Monday, 29 June 2015

On advocacy, leadership and the law

An Ambitious Advocate
Xavier Smerdon, ProBono News Australia, 22nd June 2015
A tireless advocate for people with disability, Graeme Innes has spent his life fighting for fairness. The former Disability Discrimination Commissioner is this week’s Changemaker ...

A lawyer by trade, Innes told Pro Bono Australia News that being born blind meant he had to start his career at the bottom and work his way up.

He has used this experience the shape the way he advocates for other people with disability ...

Plans to appoint wind farm commissioner 'very hurtful', says former disability commissioner Graeme Innes
Judith Ireland and Lisa Cox, Sydney Morning Herald, 19th June 2015
Former disability commissioner Graeme Innes has blasted the Abbott government's plans to appoint a national wind farm commissioner when there is no full-time disability commissioner as "very hurtful" and "very damaging".

"It sends a very clear message about where people with disabilities fall in the pecking order," he told Fairfax Media on Friday.

"Clearly, we fall below strong lobbyists." ...

Yael Frisch, Every Australian Counts, 18th June 2015
Since we all celebrated the first launch sites for the National Disability Insurance Scheme one of the biggest sources of uncertainty that has emerged is what will happen to disability advocacy services in this mix.

While there is a huge focus on services that provide choice and control, when you get asked big questions about life to shape your NDIS plan your first instinct isn’t likely to be “Advocacy fees thanks! Assistance with understanding my rights and ensuring they are protected!” ...
Children and young people in disability advocacy
NSW CID e-news, January 2015
Children with Disability Australia (CDA) have released an insightful issues paper highlighting how there are barriers that prevent children with disability from being advocates. The paper explores this in-depth and provides practical strategies on how organisations can encourage and include children and young people in being a voice so social and policy change. Click here to download the issues paper.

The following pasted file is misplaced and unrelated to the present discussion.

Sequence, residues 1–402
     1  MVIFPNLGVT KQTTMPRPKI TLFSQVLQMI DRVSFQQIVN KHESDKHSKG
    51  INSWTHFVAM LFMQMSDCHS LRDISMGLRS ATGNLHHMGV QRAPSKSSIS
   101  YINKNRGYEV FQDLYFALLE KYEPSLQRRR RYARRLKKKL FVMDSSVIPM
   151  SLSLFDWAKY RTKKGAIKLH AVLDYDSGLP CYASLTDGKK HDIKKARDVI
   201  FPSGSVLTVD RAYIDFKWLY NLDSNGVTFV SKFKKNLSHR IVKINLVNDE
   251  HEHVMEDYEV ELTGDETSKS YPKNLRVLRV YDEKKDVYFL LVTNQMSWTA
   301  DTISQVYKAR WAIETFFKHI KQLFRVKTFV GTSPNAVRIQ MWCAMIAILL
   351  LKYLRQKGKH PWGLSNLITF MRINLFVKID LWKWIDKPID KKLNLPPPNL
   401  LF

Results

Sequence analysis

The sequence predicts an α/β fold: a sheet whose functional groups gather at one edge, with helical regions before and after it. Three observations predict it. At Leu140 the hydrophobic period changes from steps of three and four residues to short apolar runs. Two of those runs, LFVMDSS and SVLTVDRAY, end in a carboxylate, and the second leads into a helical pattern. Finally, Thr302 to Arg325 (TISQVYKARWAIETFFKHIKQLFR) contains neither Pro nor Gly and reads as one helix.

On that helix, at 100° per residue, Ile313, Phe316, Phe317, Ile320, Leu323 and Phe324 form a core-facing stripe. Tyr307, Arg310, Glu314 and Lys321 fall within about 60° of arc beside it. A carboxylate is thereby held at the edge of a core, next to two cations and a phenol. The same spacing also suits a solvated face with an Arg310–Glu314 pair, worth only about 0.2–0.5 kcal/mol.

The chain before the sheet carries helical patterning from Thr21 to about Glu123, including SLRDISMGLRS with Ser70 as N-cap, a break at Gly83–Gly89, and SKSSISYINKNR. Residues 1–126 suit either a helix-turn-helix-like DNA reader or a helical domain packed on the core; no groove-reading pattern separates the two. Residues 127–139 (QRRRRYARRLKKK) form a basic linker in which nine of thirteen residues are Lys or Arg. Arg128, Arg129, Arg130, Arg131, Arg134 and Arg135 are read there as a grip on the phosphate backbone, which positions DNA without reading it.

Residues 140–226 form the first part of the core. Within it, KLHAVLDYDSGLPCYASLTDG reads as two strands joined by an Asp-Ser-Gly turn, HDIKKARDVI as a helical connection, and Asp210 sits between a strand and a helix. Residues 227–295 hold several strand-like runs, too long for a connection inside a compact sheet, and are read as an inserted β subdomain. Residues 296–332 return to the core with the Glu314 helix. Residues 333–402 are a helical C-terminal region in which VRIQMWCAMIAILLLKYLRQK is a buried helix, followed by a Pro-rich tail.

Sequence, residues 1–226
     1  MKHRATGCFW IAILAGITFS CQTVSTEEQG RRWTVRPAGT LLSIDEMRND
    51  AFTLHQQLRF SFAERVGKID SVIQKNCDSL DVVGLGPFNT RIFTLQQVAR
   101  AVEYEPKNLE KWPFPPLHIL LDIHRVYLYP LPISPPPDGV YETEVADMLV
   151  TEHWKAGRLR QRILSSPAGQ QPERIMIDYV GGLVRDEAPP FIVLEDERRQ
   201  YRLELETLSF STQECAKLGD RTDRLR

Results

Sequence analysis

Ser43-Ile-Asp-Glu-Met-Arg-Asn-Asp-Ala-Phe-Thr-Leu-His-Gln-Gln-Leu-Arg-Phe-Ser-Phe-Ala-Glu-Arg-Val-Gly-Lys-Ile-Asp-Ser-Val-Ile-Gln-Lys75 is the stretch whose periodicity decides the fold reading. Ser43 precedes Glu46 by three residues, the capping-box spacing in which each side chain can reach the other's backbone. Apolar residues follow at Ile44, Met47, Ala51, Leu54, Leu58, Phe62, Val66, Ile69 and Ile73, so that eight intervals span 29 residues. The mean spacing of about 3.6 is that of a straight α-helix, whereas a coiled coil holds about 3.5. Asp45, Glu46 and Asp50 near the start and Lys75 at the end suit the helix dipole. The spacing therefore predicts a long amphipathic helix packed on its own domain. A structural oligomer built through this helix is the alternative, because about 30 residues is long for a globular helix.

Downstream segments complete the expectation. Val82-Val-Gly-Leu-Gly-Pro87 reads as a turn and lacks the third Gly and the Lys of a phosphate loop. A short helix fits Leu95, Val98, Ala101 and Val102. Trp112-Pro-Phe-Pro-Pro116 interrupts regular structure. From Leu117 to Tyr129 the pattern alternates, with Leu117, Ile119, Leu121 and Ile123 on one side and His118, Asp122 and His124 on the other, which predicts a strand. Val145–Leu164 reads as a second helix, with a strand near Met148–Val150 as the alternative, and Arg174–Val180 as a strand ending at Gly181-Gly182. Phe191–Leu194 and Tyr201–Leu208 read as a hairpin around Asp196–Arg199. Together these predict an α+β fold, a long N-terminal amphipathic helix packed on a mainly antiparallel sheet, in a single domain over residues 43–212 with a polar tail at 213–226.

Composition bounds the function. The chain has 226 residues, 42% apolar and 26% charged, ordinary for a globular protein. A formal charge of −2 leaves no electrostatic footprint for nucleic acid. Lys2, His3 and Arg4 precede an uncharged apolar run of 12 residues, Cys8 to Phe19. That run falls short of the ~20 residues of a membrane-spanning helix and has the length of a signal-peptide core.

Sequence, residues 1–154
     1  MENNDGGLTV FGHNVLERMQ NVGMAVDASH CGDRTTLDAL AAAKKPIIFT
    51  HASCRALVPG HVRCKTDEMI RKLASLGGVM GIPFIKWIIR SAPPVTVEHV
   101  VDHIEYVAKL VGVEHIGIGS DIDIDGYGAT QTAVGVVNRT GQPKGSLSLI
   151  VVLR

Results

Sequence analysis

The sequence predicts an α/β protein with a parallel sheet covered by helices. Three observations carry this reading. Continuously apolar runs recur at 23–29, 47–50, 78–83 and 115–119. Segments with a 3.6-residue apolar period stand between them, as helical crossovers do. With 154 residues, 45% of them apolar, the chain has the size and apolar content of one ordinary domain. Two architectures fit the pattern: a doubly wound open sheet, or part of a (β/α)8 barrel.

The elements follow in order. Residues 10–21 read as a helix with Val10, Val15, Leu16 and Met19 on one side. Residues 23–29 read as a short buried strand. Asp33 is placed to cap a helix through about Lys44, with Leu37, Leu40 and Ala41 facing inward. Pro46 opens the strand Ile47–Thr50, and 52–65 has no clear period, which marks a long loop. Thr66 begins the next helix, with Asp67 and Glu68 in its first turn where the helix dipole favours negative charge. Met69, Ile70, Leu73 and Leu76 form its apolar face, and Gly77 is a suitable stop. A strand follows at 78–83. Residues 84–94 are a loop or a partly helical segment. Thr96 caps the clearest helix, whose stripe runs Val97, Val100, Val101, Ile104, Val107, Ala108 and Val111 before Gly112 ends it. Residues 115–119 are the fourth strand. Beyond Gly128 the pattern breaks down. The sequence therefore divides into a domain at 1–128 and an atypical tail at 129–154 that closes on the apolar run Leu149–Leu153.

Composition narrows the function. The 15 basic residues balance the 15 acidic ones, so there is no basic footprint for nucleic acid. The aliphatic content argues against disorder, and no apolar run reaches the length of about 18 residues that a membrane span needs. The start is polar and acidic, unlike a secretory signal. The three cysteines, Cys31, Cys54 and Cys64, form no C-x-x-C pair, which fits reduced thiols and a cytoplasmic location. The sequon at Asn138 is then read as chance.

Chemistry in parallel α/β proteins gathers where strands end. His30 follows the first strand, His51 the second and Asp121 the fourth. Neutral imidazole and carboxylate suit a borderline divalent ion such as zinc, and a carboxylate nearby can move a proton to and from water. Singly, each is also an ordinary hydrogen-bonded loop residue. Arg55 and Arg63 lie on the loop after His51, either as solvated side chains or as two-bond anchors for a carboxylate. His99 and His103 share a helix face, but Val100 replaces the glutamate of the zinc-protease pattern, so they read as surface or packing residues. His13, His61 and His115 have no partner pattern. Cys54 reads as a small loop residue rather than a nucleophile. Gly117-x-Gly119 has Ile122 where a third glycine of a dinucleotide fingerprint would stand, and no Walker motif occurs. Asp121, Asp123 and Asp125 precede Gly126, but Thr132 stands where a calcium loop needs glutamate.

Equality, Capacity and Disability in Commonwealth Laws
Australian Law Reform Commission, 2014
Equality, Capacity and Disability in Commonwealth Laws (ALRC Report 124), 24 November 2014 Final Report 
This final report was tabled on 24 November 2014.This Inquiry examined laws and legal frameworks within the Commonwealth jurisdiction that deny or diminish the equal recognition of people with disability as persons before the law and their ability to exercise legal capacity.A Summary Report is also available. 
Equality, Capacity and Disability in Commonwealth Laws (ALRC 124 Summary)24 November 2014 Final Report 
This Summary Report provides an accessible overview of the policy framework and recommendations in the final Report, Equality, Capacity and Disability in Commonwealth Laws (ALRC Report 124), tabled on 24 November 2014. 
Launch of 'Equality, Capacity and Disability in Commonwealth Laws' - Graeme Smith, NSW Public Guardian presentation, at the launch of ALRC Final Report Equality, Capacity and Disability in Commonwealth laws in Sydney on 11 December 2014.

Acts of kindness aren't enough: disabled people need acts of leadership
Clementine Ford, The Age, 31st December 2014
... It was Stella (Young) who taught me about the social model of disability, which posits that people aren't disabled by their own bodies or conditions but by how society refuses to adapt itself to fully accommodate them. We live in a world that has more respect for heritage-listed buildings than it does for the actual human beings who can't get into them. There is more outcry over children being denied entry into pubs and bars than there is over the fact that wheelchair users can't even get into many of them - and when they can, they still can't be guaranteed that there'll be a toilet they can use. Ignorance and bigotry still actively prevent disabled Australians from making autonomous decisions about their own lives, even while the rest of the country insists on exploiting them for inspiration and motivation ...

Jackie Softly (former Acting CEO, Down Syndrome Australia) commented: Absolutely agree with Clementine Ford on this, but once again, people with intellectual disability and their access and equity issues are nowhere to be seen. Let's make 2015 a year when this changes, when it's realised that lack of information and the support you may need to understand it and have your voice heard excludes just as surely as the lack of physical access does.

National Disability Advocacy Framework
Earlier this month, the Federal Government announced a review of its National Disability Advocacy Framework. Submissions close on 24th July 2015.

No comments: